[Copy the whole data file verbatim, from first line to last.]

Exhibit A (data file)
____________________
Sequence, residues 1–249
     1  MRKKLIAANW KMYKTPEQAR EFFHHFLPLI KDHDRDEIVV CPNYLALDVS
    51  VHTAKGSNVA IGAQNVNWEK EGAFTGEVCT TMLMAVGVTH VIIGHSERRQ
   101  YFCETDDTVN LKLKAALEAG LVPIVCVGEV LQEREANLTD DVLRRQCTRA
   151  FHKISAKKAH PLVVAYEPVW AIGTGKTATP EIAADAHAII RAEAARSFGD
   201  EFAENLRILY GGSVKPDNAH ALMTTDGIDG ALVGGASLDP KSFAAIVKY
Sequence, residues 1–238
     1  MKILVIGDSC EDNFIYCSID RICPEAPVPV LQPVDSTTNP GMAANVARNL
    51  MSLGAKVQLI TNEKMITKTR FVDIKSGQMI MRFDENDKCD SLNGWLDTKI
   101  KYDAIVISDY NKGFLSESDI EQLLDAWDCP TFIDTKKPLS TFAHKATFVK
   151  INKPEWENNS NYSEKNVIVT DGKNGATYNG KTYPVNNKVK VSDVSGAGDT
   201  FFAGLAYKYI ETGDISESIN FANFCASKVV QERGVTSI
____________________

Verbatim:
Sequence, residues 1–249
     1  MRKKLIAANW KMYKTPEQAR EFFHHFLPLI KDHDRDEIVV CPNYLALDVS
    51  VHTAKGSNVA IGAQNVNWEK EGAFTGEVCT TMLMAVGVTH VIIGHSERRQ
   101  YFCETDDTVN LKLKAALEAG LVPIVCVGEV LQEREANLTD DVLRRQCTRA
   151  FHKISAKKAH PLVVAYEPVW AIGTGKTATP EIAADAHAII RAEAARSFGD
   201  EFAENLRILY GGSVKPDNAH ALMTTDGIDG ALVGGASLDP KSFAAIVKY
Sequence, residues 1–238
     1  MKILVIGDSC EDNFIYCSID RICPEAPVPV LQPVDSTTNP GMAANVARNL
    51  MSLGAKVQLI TNEKMITKTR FVDIKSGQMI MRFDENDKCD SLNGWLDTKI
   101  KYDAIVISDY NKGFLSESDI EQLLDAWDCP TFIDTKKPLS TFAHKATFVK
   151  INKPEWENNS NYSEKNVIVT DGKNGATYNG KTYPVNNKVK VSDVSGAGDT
   201  FFAGLAYKYI ETGDISESIN FANFCASKVV QERGVTSI